Structural Engineer
Ove Arup & Partners, D3BN
Acoustic Engineer
Construction Company
National Science and Technology Center Foundation
Designed in
Built in
1994 - 1997
Built-up Area
11.675 m²
IJtunnel, 1011 Smsterdam, Holland
Some parts of this article have been translated using Google’s translation engine. We understand the quality of this translation is not excellent and we are working to replace these with high quality human translations.


This fascinating construction, with an illustrious name: NEMO, often compared to a ship, is the largest Science Center in the Netherlands. NEMO means “nobody” in Latin, but this great green building is anything but a no one land. At the Center, visitors of all ages and backgrounds can make an exciting journey of discovery through the wonderful world of science and technology.

The museum has its origins in 1923 and since 1997 it is located in a building designed by Renzo Piano. It started as the van den Arbeid Museum. In 1954 the name was changed to NINT Medernamds Omstotiit vprr Mokverjeod em Techniek and in 1997 to newMetropolis. The name Science Center NEMO was introduced in 2000.


The NEMO Science and Technology Museum is located on a small stretch of land in the port of Amsterdam, the Netherlands, on the Oosterdok between Oosterdokseiland and Kattenburg, astride the entrance of the IJ road tunnel and a 15-minute walk from the Central Station .


Surrounded by water, the building is shaped like a ship and pre-oxidized copper clad facades, referring to the surrounding port. The curvature of the tunnel on which it was built acted as a base and was also the inspiration for the curved shape of the building itself. In a kind of mathematical mirror image of the traffic that descends into the tunnel, the architect designed a building that seems to rise and rise from the water. The ascending shape also reflects a nautical influence, while green copper is widely used in historic buildings along the docks.


Being the building built on a tunnel, it not only acted as a foundation during its construction, its curve also became the curve of the building giving the feeling, according to some drivers, that the vehicles enter the hold of a ferry, feeling which increases because in the place where the tunnel descends, the building rises.

The museum has five floors dedicated to practical science exhibitions. The fifth floor or upper deck has a restaurant, a cafeteria, a playground for children and a great view of the surroundings of the city.

A building that seems to be coming out of the water also demands the curved shape of a bow. And in turn, these curved shapes demand a cover that is flexible and malleable. For this reason, copper was chosen, which also relates to many of the buildings in the historical environment.


A pedestrian ramp leads to the sloping roof of the building that serves as a public square for visitors and as a social focus for the neighborhood, it is the highest square in the Netherlands, 32m above the water level.

Renzo Piano located a rooftop terrace from which you can admire the surroundings. This was because before NEMO, Amsterdam was missing, according to the architect, a ‘piazza’. In his record book, Piano concluded that Amsterdam was a one-dimensional city. Unlike other cities in the world, he wrote, Amsterdam does not have a high point of view from which people can look at the city. Piano changed this circumstance.

It is an outdoor space, overlooking the historic center, equipped with seats and fountains, which also has an outdoor exhibition, entitled Energy, composed of facilities designed to demonstrate how energy is transported by the wind, the water and sunlight.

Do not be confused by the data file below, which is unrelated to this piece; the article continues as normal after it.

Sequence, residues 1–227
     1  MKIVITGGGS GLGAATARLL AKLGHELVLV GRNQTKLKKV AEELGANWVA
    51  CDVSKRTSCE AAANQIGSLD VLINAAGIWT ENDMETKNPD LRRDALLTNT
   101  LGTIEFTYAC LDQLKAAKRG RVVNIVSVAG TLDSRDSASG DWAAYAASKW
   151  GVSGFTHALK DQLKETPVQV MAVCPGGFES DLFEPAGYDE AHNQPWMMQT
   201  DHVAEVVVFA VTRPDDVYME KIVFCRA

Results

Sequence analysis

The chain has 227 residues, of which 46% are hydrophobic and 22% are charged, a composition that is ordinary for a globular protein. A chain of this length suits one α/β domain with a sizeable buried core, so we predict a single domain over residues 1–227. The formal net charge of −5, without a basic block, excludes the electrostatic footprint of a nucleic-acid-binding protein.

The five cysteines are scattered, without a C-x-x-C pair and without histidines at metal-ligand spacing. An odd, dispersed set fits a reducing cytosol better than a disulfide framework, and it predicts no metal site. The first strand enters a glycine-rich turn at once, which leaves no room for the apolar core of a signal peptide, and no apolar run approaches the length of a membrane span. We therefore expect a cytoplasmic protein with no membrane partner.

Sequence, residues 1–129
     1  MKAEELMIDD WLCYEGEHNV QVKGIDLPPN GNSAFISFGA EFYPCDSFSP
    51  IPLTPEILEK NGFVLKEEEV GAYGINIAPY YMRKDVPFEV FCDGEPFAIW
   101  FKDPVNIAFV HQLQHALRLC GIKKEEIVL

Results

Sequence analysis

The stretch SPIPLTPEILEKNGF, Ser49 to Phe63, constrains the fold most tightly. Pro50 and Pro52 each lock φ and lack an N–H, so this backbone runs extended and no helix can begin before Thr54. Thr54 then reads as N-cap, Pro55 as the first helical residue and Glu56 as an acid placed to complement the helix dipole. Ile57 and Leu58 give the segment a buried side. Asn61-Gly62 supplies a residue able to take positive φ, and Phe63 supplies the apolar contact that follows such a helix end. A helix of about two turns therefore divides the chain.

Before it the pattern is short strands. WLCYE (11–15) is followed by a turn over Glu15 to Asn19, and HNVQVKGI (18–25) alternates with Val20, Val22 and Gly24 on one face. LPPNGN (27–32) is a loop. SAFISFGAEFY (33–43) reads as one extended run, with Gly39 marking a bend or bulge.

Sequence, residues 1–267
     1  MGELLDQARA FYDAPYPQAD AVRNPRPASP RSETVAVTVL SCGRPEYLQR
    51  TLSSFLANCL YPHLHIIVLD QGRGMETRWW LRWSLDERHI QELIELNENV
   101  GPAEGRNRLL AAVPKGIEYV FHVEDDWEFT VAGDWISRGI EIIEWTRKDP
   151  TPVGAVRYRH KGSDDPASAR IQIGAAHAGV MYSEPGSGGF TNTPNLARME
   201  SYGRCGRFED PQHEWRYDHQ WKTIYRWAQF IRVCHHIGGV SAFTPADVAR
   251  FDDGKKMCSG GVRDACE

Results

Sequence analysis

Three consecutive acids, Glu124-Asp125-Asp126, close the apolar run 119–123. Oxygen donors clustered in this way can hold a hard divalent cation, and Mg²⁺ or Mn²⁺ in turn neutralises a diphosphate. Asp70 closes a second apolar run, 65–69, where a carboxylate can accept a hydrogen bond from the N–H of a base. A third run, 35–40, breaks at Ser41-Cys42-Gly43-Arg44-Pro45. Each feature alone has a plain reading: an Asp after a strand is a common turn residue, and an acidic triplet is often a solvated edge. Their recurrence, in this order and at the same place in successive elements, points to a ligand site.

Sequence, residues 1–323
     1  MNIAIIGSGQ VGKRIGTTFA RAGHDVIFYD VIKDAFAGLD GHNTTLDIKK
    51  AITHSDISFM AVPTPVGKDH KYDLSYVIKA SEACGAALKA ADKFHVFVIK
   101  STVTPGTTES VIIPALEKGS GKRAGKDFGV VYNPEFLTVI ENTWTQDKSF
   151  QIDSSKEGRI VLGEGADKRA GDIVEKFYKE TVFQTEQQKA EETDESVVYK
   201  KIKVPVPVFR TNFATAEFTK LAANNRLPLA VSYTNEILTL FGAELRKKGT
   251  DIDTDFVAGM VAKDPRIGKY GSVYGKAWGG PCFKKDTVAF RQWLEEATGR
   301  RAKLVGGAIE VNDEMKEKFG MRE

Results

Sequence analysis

While the exterior of the building can be described as striking, Piano called the interior a “noble factory,” with neutral gray walls and visible cables and pipes. The ladder has been placed in such a way that it allows optimal orientation. Therefore, all attention remains focused on the internal function of the building, a place full of things to do and discover in the areas of science and technology, with many interactive exhibits.

The exhibits occupy a central place, thus fulfilling the motto of NEMO: “Prohibited not to touch”. Visitors are attracted from one exhibition to the next. There are very few windows so that daylight does not distract the attention of attendees. Its windows are mostly small and aim to provide views of the city of Amsterdam, instead of illuminating the museum’s rooms. The entrance hall and the main gallery of exhibitions make an exception, since both are equipped with large windows that, together with the area of ​​the docks, generously shed the daylight in those spaces.


The structure and shape of the building consist of a steel and concrete skeleton conditioned by the shape of the large vehicular tunnel on which the museum sits. The roof has a stepped terrace, from where you have a view over the city center being the highest point of this 32-meter terrace. The building is 110 meters long.


The high north façade of the building is clad in pressed and pre-patinated copper plates in “green” color, which leads us to think of a ship in its mooring.

Green roof

Since 2013 NEMO has a green roof formed by 14 types of sedum and 25 different types of herbs that cover the roof that measures more than 1000m2 and admits a total of 17,500 individual plants. The green roof provides a boost to the natural environment of Amsterdam and excellent insulation, which means lower energy consumption.

Two hives were also placed on the roof with approximately 20,000 Buckfast bees each. The Buckfast bee is a calm and friendly bee. Beekeepers Dirk Dekker of the Beelease Foundation and Marten Schoonman closely observe the two hives from 2017 to 2020. They will investigate the best way to use sensors to monitor the health of bees.



Fotos WikiArquitectura (Mayo 2018)

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